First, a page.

Update 4 December 2018: The U.S. FDA's advisory committee voted to recommend the Optimizer Smart system for approval.
The medical device sitting in Joan Boyle’s chest looks much like a pacemaker or defibrillator, with a pager-sized machine implanted under the right clavicle and electrodes running out of it into the heart wall. But this device is unlike any currently available in cardiology clinics across the United States.
It doesn’t regulate a slow heartbeat, as pacemakers do. Nor does it work like an implantable defibrillator to send low-energy shocks that can reset a wonky heart rhythm. Rather, the Optimizer Smart system delivers high-energy pulses to faltering heart muscle tissue, helping an ailing ticker contract more strongly and deliver oxygen-rich blood where it’s needed throughout the body.
Boyle received the implantable pulse generator in June through a controlled-access study protocol. Beforehand, “she was struggling, feeling very lethargic, and her breathing was labored,” says Boyle’s granddaughter Jennifer Wagner. “Just going from the car to the house was a difficult task.”
Now, Boyle is on her feet more. The 86-year-old great-grandmother from Philadelphia is back to making ceramics, painting, and baking her signature chocolate chip cookies—and soon millions of other Americans suffering from congestive heart failure could gain access to the Optimizer system, too.
On Tuesday, an advisory committee to the U.S. Food and Drug Administration (FDA) will meet and vote on whether to recommend marketing authorization of the first-of-its-kind device.
Up to one-quarter of all patients with moderate-to-severe heart failure could be candidates for this kind of “cardiac contractility modulation” therapy if they fail to respond adequately to ACE inhibitors, beta blockers, and other drug treatments.
“There’s been a segment of the population that has not had a device available for them,” says Steven Roberts, Boyle’s cardiologist from the Thomas Jefferson University Hospitals in Philadelphia. For these people, “the heart muscle is weak—it doesn’t pump forcefully enough—but the electrical system is still working.”
The device then essentially serves as a personal trainer for wimpy left ventricles, boosting the performance, strength, and pumping power of the enfeebled heart chamber.
Some version of the Optimizer system has been available for over 15 years in Europe, where more than 2,800 patients have received the treatment, according to the device’s Israeli manufacturer, Impulse Dynamics. Optimizers are also now sold in Australia, Brazil, China, India, and several other countries at a cost of around US $30,000 for both the device and the minimally invasive surgical implantation procedure.
But in the United States—where the FDA takes a more stringent approach to device regulation—researchers had to first demonstrate the safety and effectiveness of the system in prospective, randomized studies before it could be made available for everyone else.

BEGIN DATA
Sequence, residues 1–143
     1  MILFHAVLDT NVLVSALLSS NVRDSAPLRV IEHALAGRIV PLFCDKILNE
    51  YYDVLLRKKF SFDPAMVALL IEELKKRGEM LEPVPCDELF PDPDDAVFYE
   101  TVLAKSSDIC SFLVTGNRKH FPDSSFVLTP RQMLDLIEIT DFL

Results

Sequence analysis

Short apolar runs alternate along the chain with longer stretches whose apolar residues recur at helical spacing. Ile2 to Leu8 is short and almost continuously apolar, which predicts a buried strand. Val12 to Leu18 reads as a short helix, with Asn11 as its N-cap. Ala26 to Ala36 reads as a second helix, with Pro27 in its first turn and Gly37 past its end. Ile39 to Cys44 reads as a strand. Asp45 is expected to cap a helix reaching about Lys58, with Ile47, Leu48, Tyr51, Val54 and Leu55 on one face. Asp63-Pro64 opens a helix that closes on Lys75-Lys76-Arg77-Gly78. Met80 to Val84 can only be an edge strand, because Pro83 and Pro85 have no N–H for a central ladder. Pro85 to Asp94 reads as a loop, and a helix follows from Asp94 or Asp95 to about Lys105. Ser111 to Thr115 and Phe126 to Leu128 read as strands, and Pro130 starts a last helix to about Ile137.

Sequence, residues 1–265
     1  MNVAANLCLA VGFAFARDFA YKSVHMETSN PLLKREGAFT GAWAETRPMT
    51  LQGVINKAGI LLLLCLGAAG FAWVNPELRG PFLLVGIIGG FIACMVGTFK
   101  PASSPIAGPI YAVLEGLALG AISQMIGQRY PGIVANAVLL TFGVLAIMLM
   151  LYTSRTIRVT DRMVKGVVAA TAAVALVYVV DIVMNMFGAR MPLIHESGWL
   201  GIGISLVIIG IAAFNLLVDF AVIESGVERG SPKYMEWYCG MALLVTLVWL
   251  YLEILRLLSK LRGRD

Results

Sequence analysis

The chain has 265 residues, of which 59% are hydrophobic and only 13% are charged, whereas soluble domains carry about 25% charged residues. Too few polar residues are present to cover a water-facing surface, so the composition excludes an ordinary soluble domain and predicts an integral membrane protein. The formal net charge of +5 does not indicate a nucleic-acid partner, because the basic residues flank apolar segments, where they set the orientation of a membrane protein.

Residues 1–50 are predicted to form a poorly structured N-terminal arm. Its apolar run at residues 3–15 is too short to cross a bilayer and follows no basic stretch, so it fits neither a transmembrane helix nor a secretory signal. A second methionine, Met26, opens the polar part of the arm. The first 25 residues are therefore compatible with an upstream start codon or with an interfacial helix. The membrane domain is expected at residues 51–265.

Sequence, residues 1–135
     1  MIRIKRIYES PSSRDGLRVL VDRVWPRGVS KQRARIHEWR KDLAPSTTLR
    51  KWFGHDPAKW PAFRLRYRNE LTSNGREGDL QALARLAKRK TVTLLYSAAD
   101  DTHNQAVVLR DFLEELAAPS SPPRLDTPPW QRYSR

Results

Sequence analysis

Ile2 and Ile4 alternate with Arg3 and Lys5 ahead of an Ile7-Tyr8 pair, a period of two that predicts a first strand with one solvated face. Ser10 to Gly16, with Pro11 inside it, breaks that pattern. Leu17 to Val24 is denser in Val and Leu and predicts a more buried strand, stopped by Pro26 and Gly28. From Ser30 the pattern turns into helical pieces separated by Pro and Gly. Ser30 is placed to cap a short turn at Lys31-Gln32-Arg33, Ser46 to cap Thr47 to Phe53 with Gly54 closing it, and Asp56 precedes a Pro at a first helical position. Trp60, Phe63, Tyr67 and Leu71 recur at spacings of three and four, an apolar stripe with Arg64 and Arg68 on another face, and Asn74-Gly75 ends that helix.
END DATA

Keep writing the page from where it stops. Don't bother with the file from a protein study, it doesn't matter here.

Those studies didn’t initially go according to plan, which explains the long delay in getting to this week’s regulatory review.
The first clinical trial ran between 2005 and 2007 and involved 428 patients recruited at dozens of sites across the United States. Half received the Optimizer system, half served as controls.
Those implanted with the device showed significant improvements, both in exercise tolerance (as measured by aerobic metabolism) and on a quality-of-life questionnaire, with no increased rates of hospitalizations or death. But the trial failed to meet its primary efficacy endpoint on a different physiologic measure of exercise ability—which sent researchers back to the drawing board.
They crunched the trial data again and noticed that the device most benefited those study participants whose weakened hearts left some blood—but not too much blood—in the left ventricle after each contraction. Below a certain pumping capacity, the heart muscle seemed too far gone to respond to the therapeutic jolting.
“This is a heart failure treatment, not an end-stage heart failure treatment system,” explains Carsten Tschöpe, a cardiologist at Charité Medical University, in Berlin.
The clinical research team then launched another trial in 2011, this time enrolling only those patients with moderately reduced heart function. And as the trial endpoint, they used the aerobic exercise measure that had shown statistical significance in the earlier study.
As they reported in the October 2018 issue of JACC: Heart Failure, a journal of the American College of Cardiology, the device then hit all its marks.
In real-world observational data from patient registries in Europe, clinicians also showed that the device reduced rates of heart-related hospitalizations by about 75 percent, with sustained improvements in quality of life and functional status that lasted for at least two years following implantation.
Wagner can see those kinds of lasting differences in her grandmother today. “I can tell just by her willingness to do more,” she says.
There’s one time of the week, however, when Boyle doesn’t do much of anything. That’s on Wednesday nights, when she always sits in front of the television set with the Optimizer’s wireless battery charger device draped over her chest. It looks like a royal blue version of the Apple Watch magnetic charging dock. Boyle simply calls it the “gidgee.”
It’s not entirely clear how the device helps people like Boyle. Studies from dogs and rabbits suggest that the pulses alter the activity and expression levels of proteins involved in calcium signaling and contractile forces at the site of signal delivery, eventually leading to long-term remodeling of the heart tissue.
For Boyle and her cardiologist, though, all that really matters is that it’s working. “It is a little mysterious,” muses Roberts. “It certainly is.”